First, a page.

narky

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English[edit]

Etymology[edit]

From nark +‎ -y.

Pronunciation[edit]

Adjective[edit]

narky (comparative narkier, superlative narkiest)

  1. (UK, Australia, slang) Irritated, in a bad mood; disparaging.
    • 1995, Linda Grant, The Cast Iron Shore, Granta, 1998, page 61,
      The war had made Stan narkier than ever.
    • 2003, Justine Larbalestier, A Buffy Confession, Glenn Yeffeth (editor), Seven Seasons of Buffy: Science Fiction and Fantasy Authors Discuss Their Favorite Television Show, BenBella Books, US, page 83,
      I′m now one of those people I used to defend the show against. There is no one more bitter than an ex-true believer. Color me narky and picky.
    • 2005, Maxim Jakubowski (editor), The Best British Mysteries 2005, page 191,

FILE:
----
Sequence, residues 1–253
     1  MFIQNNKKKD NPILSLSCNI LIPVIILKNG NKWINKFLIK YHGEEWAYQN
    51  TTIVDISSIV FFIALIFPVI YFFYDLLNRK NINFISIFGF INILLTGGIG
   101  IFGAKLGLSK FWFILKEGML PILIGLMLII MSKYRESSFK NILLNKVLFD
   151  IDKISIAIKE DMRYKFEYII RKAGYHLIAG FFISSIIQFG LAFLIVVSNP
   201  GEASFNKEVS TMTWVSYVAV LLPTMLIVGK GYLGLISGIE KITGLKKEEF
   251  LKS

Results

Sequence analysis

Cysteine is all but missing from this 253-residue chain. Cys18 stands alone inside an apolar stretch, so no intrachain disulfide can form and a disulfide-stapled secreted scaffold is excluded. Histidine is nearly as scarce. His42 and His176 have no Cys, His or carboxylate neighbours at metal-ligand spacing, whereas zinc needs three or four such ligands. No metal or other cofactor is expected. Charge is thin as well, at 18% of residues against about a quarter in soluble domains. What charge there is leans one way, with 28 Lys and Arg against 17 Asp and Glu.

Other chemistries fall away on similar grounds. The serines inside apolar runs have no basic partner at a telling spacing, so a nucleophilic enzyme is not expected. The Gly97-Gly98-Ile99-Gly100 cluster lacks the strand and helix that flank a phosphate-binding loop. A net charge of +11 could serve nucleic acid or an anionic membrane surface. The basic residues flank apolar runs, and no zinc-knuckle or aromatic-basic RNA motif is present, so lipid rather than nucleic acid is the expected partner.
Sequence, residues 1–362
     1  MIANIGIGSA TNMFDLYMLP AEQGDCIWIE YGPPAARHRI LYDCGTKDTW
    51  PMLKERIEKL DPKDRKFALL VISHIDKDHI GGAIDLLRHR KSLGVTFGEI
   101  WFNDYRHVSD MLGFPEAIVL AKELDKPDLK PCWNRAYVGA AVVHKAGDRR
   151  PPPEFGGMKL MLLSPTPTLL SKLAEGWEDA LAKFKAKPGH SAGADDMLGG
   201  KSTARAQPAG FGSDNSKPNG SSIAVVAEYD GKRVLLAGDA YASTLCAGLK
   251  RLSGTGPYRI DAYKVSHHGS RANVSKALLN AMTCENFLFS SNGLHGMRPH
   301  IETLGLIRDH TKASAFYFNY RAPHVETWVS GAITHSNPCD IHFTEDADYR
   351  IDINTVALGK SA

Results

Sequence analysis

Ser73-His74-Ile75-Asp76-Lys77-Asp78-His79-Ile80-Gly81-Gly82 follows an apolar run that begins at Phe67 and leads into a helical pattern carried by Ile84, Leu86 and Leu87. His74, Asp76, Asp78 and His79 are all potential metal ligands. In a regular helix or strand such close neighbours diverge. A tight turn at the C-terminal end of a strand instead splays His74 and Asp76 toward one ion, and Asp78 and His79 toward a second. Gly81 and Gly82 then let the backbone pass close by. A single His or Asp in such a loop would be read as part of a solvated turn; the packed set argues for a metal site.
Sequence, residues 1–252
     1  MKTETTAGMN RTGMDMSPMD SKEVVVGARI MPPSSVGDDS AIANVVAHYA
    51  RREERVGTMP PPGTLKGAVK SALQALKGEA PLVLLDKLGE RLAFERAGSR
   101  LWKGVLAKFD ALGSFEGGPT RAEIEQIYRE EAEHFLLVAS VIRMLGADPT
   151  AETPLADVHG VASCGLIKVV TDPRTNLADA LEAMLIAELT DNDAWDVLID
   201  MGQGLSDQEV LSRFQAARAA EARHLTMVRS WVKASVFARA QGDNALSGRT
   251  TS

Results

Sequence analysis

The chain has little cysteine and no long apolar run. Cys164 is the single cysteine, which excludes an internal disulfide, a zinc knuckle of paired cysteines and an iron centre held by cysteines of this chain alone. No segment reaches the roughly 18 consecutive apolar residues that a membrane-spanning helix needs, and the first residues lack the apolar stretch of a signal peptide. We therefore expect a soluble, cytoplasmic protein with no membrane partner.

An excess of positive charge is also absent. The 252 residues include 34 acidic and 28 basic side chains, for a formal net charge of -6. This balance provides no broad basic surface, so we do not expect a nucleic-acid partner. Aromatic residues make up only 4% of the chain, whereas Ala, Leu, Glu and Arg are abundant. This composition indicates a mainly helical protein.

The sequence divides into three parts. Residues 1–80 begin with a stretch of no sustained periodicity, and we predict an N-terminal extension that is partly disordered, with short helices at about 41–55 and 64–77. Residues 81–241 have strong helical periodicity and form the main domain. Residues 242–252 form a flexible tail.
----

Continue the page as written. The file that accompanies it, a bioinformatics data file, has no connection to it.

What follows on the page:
It was a special request and Mrs. Fleming had to do it all on the spot, so that′s made her even more narky than usual.
    • 2005, Mark Latham, The Latham Diaries, page 141,
      Foolishly, I went to the National Right dinner last night. What a narky, miserable bunch of sods.
    • 2008, Amanda Brunker, Champagne Kisses, page 46,
      I had to endure the narkiest taxi driver complaining about ‘Foreign lads takin′ taxi plates’, who then managed to test my patience even more by leaving me a good walk from Parker′s apartment block.
    • 2008, Claudia Carroll, Do You Want to Know a Secret?, Random House, UK, unnumbered page,
      Age is definitely making me narkier. The only difference between me and my moany Auntie Maisie is a plaid shopping trolley and a tracheotomy.